‘We have to take her to her village,’ G said, adding its name.
The newcomer asked the older technician to bear the whole weight of the body, and bent over to listen to the chest. G took the chance to renew his search, pulled out the lighter, and began smoking. With every lungful he blew up into the air the mosquitoes swarming round the street lamp flew away, only to regroup a second later.
‘This woman is dead; she isn’t going anywhere. We only transport live bodies. Nobody saw you bringing her here?’
‘I live five or six blocks away.’ The tip of his cigarette glowed between his index and middle fingers when G pointed in the direction of his house. ‘The village is about sixty kilometres from here.’
G fell silent. For an instant the only sound came from the disjointed voices on a video the ambulance driver was smiling at on his phone.
‘Please,’ G said eventually.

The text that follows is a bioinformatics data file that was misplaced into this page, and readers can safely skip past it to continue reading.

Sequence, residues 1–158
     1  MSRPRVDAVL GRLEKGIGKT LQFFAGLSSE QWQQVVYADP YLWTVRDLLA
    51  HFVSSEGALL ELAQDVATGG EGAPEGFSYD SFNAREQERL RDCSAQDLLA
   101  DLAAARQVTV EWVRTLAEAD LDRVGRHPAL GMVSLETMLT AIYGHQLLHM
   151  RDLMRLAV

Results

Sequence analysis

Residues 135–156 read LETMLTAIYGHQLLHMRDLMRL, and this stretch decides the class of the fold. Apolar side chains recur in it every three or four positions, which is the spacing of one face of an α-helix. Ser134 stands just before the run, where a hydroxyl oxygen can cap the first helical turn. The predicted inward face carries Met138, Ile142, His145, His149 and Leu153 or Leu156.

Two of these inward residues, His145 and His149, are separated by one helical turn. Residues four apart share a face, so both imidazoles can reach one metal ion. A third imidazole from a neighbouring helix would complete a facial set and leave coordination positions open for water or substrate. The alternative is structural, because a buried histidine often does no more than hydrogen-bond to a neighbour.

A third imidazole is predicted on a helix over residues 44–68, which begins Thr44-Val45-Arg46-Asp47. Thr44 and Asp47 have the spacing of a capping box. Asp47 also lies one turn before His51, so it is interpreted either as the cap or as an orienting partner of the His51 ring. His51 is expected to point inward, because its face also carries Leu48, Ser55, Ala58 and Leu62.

The man in yellow hesitated or seemed to hesitate for a moment, and finally said something to the technicians that G couldn’t hear. Without waiting for G to take the cigarette out of his mouth, the older man passed him the body, and the three of them walked a few metres away. The young one was complaining about something, and stood apart from the other two. They began arguing. G thought that only a few hours earlier he had been playing cards and drinking spirits with his grandmother. His daughter and wife were asleep on the sofa in front of the TV, while the two of them bet quietly. He thought how lucky his grandmother had been to get to know her great-granddaughter, and an instant later how empty that idea was, how absurd it was, even though he didn’t know why. He heard some phrases from the men’s disagreement, with words such as ‘tradition’, ‘burial’ or ‘last wish’. G recalled that when his daughter was born, a friend had dedicated a poem to her. ‘An opening breath,’ it read, predictably enough, ‘a change in the atmosphere, a frontier.’ Something like that. He had used the adjective ‘labile’, in reference to a private joke between the two of them. G thought of how long it had been since the last time he saw his friend, and what he would be doing now. If he were doing anything.